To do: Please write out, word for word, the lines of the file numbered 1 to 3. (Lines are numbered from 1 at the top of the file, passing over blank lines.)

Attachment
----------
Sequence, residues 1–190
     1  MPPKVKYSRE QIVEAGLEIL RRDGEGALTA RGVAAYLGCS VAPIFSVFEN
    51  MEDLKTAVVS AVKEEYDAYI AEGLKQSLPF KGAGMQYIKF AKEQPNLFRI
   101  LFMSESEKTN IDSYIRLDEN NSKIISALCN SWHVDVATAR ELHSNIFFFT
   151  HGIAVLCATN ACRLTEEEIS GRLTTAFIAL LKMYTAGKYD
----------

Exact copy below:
Sequence, residues 1–190
     1  MPPKVKYSRE QIVEAGLEIL RRDGEGALTA RGVAAYLGCS VAPIFSVFEN
    51  MEDLKTAVVS AVKEEYDAYI AEGLKQSLPF KGAGMQYIKF AKEQPNLFRI